In collaboration with “Visyon”, a VR and 360 production company, the audio-visual was adapted to the HTC Vive Virtual Reality headset. Unlike the immersive room, this device generates more complete and realistic experiences because viewers are totally immersed and can navigate within the virtual space in a natural way and at a life-size scale. Here again, great attention was paid to the audio. A complex 3D soundtrack was created, thanks to which the sources of the different sounds can be located in the surrounding scene, the overall sensation being one of perfect and total immersion.

The narrative

As work started on the immersive displays, a detailed study was undertaken to determine what kind of narrative would be most appropriate for these media. A thorough study of existing 360º videos and available VR experiences was made. It soon became clear that a traditional narrative would not be the most suitable. In our case, it was essential to create a story that would drive the spectator to the most important places of the settlement. It was also necessary to use visual and auditory resources to guide the spectators’ gaze so that they best explore this virtual environment. Finally, the script needed to emphasize key elements of the Iberian culture such as the inhabitants’ totemic animals, the social prevalence of warriors, and the collapse brought about by the Roman Empire.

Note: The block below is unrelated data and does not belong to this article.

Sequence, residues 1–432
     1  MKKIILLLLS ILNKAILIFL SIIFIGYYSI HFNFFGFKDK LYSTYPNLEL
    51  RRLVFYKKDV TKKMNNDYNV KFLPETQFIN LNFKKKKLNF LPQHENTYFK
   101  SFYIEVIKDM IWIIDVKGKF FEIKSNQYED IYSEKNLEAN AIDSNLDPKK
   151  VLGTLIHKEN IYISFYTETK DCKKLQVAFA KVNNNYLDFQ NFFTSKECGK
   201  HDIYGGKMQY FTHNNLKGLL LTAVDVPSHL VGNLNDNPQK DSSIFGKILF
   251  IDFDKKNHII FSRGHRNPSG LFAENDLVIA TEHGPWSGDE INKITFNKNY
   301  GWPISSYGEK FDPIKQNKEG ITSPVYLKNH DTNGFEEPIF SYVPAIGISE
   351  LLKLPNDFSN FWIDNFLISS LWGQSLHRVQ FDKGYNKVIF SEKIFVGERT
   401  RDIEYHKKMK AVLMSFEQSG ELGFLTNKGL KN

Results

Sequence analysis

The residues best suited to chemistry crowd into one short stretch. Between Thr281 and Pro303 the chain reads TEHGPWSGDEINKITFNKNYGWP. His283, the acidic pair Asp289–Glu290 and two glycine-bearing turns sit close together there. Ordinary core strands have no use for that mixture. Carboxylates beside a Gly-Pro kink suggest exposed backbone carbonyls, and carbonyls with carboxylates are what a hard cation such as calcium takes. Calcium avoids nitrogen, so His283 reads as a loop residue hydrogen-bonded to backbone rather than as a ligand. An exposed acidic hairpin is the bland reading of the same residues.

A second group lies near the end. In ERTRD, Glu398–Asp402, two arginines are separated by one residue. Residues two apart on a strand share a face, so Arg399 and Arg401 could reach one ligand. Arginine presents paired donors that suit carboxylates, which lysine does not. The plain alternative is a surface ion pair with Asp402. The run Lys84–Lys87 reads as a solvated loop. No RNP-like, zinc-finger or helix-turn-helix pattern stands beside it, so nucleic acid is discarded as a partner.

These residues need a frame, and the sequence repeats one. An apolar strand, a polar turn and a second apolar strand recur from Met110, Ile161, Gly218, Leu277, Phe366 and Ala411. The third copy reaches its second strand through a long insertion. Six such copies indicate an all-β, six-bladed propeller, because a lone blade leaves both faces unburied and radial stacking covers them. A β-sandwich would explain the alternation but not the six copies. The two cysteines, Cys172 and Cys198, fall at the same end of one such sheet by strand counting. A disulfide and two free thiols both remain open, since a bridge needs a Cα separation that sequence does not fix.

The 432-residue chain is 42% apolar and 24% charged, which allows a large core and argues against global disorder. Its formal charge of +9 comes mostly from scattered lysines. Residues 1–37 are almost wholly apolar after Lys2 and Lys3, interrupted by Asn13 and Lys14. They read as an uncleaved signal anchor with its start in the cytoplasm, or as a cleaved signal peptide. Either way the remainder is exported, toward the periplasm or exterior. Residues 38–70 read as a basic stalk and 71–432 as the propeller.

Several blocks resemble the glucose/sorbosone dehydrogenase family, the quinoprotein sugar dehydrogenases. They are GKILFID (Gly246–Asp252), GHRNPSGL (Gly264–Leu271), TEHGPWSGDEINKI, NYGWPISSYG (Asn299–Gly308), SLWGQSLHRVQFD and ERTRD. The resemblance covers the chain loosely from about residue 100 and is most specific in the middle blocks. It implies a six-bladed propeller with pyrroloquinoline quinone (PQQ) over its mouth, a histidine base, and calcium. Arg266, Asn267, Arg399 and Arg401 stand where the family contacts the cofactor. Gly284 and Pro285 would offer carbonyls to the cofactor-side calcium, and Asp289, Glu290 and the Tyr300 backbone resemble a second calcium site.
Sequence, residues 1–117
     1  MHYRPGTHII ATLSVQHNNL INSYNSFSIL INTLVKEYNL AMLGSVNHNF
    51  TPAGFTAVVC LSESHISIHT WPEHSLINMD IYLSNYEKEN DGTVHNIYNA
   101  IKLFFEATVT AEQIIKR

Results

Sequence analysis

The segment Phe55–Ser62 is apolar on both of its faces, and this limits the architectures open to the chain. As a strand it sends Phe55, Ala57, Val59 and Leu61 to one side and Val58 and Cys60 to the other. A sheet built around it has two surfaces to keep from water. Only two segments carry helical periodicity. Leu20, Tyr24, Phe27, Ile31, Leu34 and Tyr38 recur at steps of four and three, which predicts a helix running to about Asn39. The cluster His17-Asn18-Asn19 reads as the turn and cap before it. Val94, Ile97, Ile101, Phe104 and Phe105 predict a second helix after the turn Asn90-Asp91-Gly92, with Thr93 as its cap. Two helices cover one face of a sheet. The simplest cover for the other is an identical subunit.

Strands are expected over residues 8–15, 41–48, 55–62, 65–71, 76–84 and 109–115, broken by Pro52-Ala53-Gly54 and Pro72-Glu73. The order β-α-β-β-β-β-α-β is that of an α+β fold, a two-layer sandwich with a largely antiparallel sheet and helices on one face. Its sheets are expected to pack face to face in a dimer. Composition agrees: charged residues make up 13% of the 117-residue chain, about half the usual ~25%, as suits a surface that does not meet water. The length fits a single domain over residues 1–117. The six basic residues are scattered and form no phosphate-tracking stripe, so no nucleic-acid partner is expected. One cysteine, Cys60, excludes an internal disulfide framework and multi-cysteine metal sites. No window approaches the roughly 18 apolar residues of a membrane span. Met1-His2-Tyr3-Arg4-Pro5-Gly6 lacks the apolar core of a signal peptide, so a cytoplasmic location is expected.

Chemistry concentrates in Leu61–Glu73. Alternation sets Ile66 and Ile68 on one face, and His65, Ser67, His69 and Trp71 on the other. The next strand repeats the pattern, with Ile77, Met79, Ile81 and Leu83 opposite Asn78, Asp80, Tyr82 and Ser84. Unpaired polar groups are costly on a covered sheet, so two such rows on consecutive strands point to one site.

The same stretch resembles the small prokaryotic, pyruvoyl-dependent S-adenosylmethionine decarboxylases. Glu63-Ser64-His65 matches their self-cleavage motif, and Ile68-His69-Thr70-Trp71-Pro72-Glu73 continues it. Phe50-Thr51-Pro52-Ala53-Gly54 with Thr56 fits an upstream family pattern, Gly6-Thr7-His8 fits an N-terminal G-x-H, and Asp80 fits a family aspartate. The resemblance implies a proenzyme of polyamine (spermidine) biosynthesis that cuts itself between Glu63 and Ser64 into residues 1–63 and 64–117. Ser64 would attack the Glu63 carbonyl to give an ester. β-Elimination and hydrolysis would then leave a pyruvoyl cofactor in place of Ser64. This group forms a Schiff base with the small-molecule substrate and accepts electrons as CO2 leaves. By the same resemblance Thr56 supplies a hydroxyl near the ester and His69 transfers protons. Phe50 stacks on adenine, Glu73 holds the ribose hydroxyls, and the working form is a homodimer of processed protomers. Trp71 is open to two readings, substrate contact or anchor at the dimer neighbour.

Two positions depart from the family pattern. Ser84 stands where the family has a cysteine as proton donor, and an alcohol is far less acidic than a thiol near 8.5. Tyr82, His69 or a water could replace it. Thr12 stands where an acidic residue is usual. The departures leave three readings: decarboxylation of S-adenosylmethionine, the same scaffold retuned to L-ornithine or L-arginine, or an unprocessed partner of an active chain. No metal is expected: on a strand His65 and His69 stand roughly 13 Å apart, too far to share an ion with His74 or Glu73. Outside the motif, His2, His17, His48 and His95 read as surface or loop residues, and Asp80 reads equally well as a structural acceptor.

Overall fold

In the end, the story embroils visitors in the dream of a member of the settlement’s elite. Every night he returns to the town and remembers fragments of his life, such as the first time he saw the walls of the town, the children playing in the street, the courtyard where he learned to fight, and the empty city after the downfall. The protagonist’s voice guides visitors around each of the scenes included in this dream-like environment. In terms of navigation, it was decided that for the immersive room, the 3D effect would be best appreciated if the main motif was the constant movement that should have been seen in the streets and buildings; in contrast, for the VR experience, this would be achieved by determining the exact point at which visitors would appear, always in places with features that would encourage them to move around and explore(e.g. an interior courtyard, an open door).


While the Immersive Room is on permanent display at the Ullastret branch of the Archaeological Museum of Catalonia, the VR version has been presented at specialized congresses, such as Arqueológica 2.0 (Spain), Archeovirtual (Italy), and Museums and the Web (USA). It has also been presented at popular events, such as the Museum’s Night in Barcelona and the Iberian Weekend at Ullastret, to raise people’s awareness about their cultural heritage. During 2017 it will become a permanent feature at the Archaeological Museum of Catalonia in Barcelona.